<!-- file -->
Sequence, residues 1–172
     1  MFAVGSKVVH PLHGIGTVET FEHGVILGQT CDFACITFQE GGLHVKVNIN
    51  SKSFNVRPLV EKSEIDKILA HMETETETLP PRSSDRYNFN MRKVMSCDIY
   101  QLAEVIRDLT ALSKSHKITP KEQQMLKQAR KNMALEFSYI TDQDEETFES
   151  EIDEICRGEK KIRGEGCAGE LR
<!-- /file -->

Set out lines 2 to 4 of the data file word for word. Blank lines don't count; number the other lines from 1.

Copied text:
     1  MFAVGSKVVH PLHGIGTVET FEHGVILGQT CDFACITFQE GGLHVKVNIN
    51  SKSFNVRPLV EKSEIDKILA HMETETETLP PRSSDRYNFN MRKVMSCDIY
   101  QLAEVIRDLT ALSKSHKITP KEQQMLKQAR KNMALEFSYI TDQDEETFES